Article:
As you can see, I'm rather at a loss to review Shadow – it just doesn't seem to fit into the normal variegated run of fanzines and sticks out as something from without, like a fanzine on pot-holing might... Nevertheless there's many an sf fan whose tastes include fantasy and horror and Shadow, being quieter and more intelligent than the average Gore Horror Gut Creatures product which occasionally rises from the depths of its sub-fandom, should serve such a fan well. Recommended, if that's your Thing.

SF COMMENTARY 21 (duplicated: 50pp.A4).
Editor: Bruce Gillespie, GPO Box 5l95AA, Melbourne, Victoria 3001, Australia.
UK Agent: Malcolm Edwards, 28 Kinch Grove, Wembley, Middx, HA9 9TF.
Available for: Trade, contribution, LoC, 9/$3 (9/£1.50).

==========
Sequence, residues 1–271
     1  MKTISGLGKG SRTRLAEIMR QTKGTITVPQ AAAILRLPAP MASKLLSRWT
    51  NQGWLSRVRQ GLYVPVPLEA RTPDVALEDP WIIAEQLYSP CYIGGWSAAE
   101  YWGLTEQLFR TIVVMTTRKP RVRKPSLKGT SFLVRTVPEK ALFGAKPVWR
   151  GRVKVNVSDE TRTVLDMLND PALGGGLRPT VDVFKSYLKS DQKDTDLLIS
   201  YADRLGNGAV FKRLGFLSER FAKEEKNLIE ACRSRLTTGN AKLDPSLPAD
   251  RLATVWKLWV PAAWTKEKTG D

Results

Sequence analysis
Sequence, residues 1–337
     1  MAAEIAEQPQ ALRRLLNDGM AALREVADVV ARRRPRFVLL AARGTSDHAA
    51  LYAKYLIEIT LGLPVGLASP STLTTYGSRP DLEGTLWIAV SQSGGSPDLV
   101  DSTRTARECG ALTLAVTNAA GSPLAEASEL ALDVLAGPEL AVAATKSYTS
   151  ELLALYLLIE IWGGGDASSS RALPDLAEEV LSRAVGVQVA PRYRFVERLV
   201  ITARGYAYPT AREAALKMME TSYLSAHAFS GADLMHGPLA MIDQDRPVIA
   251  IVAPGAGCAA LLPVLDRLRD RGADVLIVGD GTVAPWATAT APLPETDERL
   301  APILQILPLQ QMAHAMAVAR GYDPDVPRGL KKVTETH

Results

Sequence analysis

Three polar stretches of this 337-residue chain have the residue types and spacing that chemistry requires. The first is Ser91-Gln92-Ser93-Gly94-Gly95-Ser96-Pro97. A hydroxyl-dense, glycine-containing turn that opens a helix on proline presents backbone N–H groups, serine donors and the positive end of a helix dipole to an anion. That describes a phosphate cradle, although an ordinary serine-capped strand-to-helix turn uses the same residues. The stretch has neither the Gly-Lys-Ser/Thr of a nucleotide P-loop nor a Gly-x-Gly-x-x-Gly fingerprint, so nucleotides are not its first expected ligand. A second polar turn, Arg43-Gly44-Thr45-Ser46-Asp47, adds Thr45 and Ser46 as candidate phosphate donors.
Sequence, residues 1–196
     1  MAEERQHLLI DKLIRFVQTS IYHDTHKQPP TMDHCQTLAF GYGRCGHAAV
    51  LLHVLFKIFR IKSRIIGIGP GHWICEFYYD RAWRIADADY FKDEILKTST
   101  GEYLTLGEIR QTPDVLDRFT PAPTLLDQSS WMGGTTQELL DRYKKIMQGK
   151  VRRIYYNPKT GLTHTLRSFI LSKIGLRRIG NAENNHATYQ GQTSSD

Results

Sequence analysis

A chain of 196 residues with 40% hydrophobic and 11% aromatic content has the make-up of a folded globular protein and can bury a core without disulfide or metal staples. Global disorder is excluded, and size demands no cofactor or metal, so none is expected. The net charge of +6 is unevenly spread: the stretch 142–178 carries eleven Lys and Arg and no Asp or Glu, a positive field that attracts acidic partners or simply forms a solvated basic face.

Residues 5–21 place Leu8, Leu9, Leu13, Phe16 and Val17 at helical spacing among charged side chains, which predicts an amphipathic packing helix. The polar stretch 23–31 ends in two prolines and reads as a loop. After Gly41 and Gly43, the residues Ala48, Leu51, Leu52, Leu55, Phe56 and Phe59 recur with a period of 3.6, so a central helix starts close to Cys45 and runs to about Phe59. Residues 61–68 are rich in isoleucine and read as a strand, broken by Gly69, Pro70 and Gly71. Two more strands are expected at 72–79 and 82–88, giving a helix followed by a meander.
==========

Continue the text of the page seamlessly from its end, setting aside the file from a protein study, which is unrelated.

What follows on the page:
SF Commentary is one of the most consistently entertaining sercon fanzines and succeeds where others don't for several reasons, Firstly, Bruce doesn't insist on a 100% accept-no-other sf-only approach, but includes a rambling editorial and a piece by David Grigg, 'Highway 31 Revisited', in which Dave gives an account of a fannish visit to Sydney. Secondly, Bruce is careful with his book review; normal practice seems to favour a mixed collection of oddments lumped together in an indigestible mass. SF Commentary however, seems to collect them to more purpose – a look at the original fiction anthologies in this issue, for example. Finally, Bruce generally seems to like much the same authors as I (so much for objective fanzine reviewing!). Production too is pleasant, if a little plain, and has incidentally improved considerably since the earlier issues.